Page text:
If Mariners Are Buyers, First Need Is At Third Base

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If Mariners Are Buyers, First Need Is At Third Base
(Photo by Jim McIsaac/Getty Images)

After going 5-4 on the most difficult road trip of the year, the Seattle Mariners suddenly look a team that can legitimately contend for a wide open American League West title.

At 42-39 on the season, and sitting just 3.5 games behind the first place Texas Rangers and Los Angeles Angels, the M's endured a brutal stretch of nine contests that took them from Chavez Ravine (Los Angeles Dodgers), to the new Yankee Stadium (New York Yankees) and finally to Fenway Park (Boston Red Sox) before returning home today.

By producing a winning record over the past week-and-a-half, the Mariners proved they are worthy of the "Buyers" tag as the trade deadline nears. If management agrees with that assessment, the first void they need to fill is at third base.

For a week now, the team has employed utility man Chris Woodward as their de facto three bagger. Woodward has been acting in place of Adrian Beltre, who underwent surgery a week ago to repair a shoulder injury, and will be lost for six-to-eight weeks.

By the time Beltre returns from the disabled list, the M's season could be all but decided. This means the Mariners need to take control of their fortunes and address the gaping hole on the left side of their infield now.

With few in-house options ready to assume the duty (top prospect Matt Tuiasosopo is recovering from his own health problems, while the team appears hesitant to trust minor leaguer Chris Shelton), Seattle will be looking to find a trading partner amongst the deadline sellers. We profile a few players who might just fit the Mariners' need.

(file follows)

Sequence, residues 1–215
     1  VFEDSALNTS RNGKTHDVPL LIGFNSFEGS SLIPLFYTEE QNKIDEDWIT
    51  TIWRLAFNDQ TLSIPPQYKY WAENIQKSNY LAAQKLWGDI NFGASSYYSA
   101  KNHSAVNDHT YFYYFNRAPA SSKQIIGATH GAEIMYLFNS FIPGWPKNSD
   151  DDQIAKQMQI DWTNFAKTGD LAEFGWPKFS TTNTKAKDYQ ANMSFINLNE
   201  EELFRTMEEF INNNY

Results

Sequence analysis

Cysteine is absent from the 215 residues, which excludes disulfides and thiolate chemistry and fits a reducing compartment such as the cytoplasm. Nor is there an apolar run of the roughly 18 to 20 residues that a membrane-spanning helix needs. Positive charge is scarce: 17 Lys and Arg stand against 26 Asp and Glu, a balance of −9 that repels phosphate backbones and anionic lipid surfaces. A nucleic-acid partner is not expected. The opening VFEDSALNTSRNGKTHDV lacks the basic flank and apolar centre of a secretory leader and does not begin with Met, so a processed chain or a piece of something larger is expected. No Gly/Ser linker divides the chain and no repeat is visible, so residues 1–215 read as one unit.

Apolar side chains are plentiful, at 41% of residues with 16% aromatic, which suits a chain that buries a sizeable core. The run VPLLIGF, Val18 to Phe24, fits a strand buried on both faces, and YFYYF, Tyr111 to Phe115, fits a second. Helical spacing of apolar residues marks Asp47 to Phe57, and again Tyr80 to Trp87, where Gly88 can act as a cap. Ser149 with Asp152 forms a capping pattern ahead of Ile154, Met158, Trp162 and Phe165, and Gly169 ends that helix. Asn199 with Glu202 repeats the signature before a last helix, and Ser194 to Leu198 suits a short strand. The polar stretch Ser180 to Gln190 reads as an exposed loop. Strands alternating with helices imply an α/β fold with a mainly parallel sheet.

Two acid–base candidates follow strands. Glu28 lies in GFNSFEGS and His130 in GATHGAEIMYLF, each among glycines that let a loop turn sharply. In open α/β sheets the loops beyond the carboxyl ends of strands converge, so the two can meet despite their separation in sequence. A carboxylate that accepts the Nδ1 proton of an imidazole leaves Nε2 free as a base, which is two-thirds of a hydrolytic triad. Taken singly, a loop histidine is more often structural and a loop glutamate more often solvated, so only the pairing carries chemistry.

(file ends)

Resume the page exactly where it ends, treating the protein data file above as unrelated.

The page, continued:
Melvin Mora, Baltimore Orioles

The free agent-to-be is 37-years-old and would be the ultimate rent-a-player. That said, he would likely come at a very low cost (maybe one or two second-tier prospects) and is an offensive upgrade over the light-hitting Woodward.

Current line: .260/.321/.640 (BA, OBP, OPS), 2 HR, 22 RBI

 

Mark Teahen, Kansas City Royals

A man without on a role on the Royals, Teahen has been bumped from his third base gig by Alex Gordon, in addition to being bumped from nearly every other position on the field (first base by Billy Butler, and second base by Alberto Callaspo).

When Gordon returns from injury, Teahen will still be a starter, but at what position nobody knows. And while he might cost a little more to obtain, the left-handed batter possesses the plate discipline the Mariners seek in a hitter (he was chronicled in Moneyball, after all) and could work into the M's future plans thanks to his defensive versatility (he can play third, second, first, left field, and right field).

Current line: .292/.352/.806, 9 HR, 29 RBI

 

Bobby Crosby, Oakland Athletics

Crosby might be the least likely of possible additions for a number of reasons. First, he's currently in the division with Oakland. Second, he's not a true third baseman (he started out as a shortstop, switched to third, and is now mostly playing first base). And third, the A's tend to seek the same traits in a player that these nouveau Mariners do, so working out a trade might be difficult.